His girlfriend Rosalind Barton (played by blonde beauty Tamara Ustinov) goes screamingly insane after one night spent in Peter’s aunt’s disused attic room, and is carted off to the lunatic asylum the next day sporting a hideous claw where her right hand should be.

So much for spending the rest of their lives together in married bliss. The aunt, a Mistress Banham, goes missing then, increasing local feeling that something in the village is seriously amiss.

The truly gorgeous Linda Hayden is terrific at playing sexually aware young minxes, who are well aware of the power their bodies and beauty have over mere men, who are visual creatures and easily tempted off the straight and narrow.

Her nude scene, in which she tantalises and teases the mortified Reverend Fallowfield with her delectable wares, would surely make red-blooded male viewers long for the days when women had actual pubic hair.

Seriously, do you know that there’s a whole generation of blokes growing up today who think that women naturally don’t have hair down there? Think about it. You know it’s true. Women today are shaved, waxed, tanned, toned, trimmed, straightened and sanitised almost out of existence. And who’s it all benefiting, anyway? Mainly the grooming industry, as far as I can see.

Here’s a naughty thought. Perhaps some of the Devil’s leftover furry bits from this film could be donated to the women of today who’ve all but forgotten how to grow good honest pubes? We could have a sort of charity drive or something, you know, the way people do.

As well as the horrible public rape, the film also features the attempted drowning of a witch.

‘If she swims, she’s a witch!’

‘Yeah, but if she drowns, you’ve done her murder…!’

The way the perpetrators shrug and slink away, unconcerned for the unconscious women they’ve flung into the river, is terrible to witness. I believe it was fairly typical behaviour, however, of the kind of people in those days who went round accusing innocent women of witchcraft and being a witch, just for their own amusement, or for other petty motives, like revenge or maybe coveting that person’s property, and hoping you might come in for it once the rightful owner is deceased. Awful, isn’t it?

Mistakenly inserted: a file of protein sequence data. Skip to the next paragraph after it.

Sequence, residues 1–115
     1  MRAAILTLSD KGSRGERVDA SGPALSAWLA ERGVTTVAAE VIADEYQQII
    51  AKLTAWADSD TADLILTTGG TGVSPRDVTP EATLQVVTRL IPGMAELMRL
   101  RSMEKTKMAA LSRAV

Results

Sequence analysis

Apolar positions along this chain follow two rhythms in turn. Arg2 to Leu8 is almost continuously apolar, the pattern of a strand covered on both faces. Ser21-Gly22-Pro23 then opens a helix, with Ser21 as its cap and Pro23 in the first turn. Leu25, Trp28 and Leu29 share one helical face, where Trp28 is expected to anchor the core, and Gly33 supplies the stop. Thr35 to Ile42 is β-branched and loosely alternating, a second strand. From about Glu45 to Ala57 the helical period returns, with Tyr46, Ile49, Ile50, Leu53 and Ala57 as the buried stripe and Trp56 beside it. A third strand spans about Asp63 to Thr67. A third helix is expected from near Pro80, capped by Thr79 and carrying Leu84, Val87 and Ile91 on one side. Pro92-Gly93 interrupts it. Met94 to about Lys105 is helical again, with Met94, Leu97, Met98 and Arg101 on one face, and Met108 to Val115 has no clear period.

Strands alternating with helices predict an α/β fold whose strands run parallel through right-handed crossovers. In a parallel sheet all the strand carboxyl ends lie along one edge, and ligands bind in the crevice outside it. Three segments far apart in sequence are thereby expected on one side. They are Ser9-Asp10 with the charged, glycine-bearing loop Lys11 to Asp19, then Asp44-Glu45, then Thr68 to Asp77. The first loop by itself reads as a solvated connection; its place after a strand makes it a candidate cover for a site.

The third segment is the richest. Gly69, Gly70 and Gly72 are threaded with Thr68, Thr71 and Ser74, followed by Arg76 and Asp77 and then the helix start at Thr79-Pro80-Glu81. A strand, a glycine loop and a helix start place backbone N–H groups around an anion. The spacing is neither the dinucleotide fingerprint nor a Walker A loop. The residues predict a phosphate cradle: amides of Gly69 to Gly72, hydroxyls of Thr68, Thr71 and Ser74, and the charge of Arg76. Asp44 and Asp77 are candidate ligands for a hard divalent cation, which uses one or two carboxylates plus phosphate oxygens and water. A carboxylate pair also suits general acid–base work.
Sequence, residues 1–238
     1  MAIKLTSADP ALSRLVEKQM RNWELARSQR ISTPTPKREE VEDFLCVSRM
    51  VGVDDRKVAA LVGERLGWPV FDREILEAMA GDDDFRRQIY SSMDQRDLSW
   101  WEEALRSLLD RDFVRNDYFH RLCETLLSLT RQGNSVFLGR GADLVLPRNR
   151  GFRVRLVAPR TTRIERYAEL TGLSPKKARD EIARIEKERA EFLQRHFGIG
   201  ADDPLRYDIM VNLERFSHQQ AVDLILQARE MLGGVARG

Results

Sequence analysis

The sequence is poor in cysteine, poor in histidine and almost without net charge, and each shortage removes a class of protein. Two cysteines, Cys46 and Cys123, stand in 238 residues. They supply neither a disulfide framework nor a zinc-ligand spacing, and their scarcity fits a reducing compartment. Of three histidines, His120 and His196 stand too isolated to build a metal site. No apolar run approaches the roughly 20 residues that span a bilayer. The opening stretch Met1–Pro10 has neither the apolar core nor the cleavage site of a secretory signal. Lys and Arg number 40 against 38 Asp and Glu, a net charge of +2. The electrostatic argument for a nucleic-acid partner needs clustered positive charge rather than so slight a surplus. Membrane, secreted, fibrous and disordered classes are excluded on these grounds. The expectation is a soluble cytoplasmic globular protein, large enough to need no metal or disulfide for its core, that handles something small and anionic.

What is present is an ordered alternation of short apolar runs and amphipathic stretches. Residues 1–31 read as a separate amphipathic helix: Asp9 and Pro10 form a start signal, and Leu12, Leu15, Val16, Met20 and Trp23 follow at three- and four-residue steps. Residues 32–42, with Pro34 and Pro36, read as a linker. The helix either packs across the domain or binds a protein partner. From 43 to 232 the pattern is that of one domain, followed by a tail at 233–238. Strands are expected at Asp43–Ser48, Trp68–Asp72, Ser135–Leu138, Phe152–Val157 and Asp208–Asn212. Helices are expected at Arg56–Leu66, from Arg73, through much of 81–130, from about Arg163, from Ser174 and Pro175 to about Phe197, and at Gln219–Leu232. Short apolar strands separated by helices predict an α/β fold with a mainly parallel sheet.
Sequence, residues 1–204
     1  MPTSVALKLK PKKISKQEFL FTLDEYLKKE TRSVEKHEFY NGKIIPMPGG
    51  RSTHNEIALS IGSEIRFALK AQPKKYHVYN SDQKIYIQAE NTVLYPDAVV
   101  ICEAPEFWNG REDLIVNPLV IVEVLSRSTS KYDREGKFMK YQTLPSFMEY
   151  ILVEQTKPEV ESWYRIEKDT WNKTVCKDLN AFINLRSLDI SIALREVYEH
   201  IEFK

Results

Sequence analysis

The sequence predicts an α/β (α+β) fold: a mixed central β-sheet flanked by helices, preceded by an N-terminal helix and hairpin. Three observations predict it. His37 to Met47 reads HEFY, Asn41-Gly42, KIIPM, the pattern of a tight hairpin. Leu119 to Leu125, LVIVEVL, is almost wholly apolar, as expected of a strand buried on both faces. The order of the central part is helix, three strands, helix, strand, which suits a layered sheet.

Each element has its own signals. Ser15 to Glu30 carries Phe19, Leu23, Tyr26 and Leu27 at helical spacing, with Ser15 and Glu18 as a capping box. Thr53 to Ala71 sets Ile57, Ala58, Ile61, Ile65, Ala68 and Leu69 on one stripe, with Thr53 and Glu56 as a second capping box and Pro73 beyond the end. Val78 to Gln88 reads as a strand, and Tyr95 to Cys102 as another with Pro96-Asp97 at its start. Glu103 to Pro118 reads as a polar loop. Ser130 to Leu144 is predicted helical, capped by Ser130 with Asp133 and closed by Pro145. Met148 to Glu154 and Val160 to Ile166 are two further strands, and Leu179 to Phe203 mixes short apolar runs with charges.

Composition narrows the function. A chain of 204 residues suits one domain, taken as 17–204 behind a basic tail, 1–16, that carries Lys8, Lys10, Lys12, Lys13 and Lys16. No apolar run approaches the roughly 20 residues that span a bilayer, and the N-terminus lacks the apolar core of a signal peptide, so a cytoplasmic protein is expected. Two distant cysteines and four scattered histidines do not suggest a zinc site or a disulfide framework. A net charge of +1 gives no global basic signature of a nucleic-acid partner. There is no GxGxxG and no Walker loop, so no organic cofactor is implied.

How they ever managed to stand in a village square with their friends and neighbours and watch a human female, someone they knew, and maybe even liked or respected, hang or burn to death is beyond mine, and most peoples’, comprehension.

The ruined church and creepy woods are tremendously atmospheric, as is the weird and eerie soundtrack. The way the devil is ‘assembling’ himself piece by piece, with the help of his warped young congregation, is also quite ingenious. Donate a limb and help Satan, there’s a good fellow (or lady)…!

The film is similar to a Hammer film and yet somehow much, much darker, with a vein of genuine evil running through it. It’s as good an example of vintage British folk horror as, say, THE WICKER MAN (1973), and maybe one of the best British horror films ever made, full stop.

Au revoir, horror buddies, until we meet again.

AUTHOR BIOGRAPHY OF SANDRA HARRIS.

Sandra Harris is a Dublin-based novelist, poet, short story writer and film and book blogger. She has studied Creative Writing and Film-Making. She has published a number of e-books on the following topics: horror film reviews, multi-genre film reviews, women’s fiction, erotic fiction, erotic horror fiction and erotic poetry. Several new books are currently in the pipeline. You can browse or buy any of Sandra’s books by following the link below straight to her Amazon Author Page: http://www.amazon.com/-/e/B015GDE5RO

Her debut romantic fiction novel, ‘THIRTEEN STOPS,’ is out now from Poolbeg Books.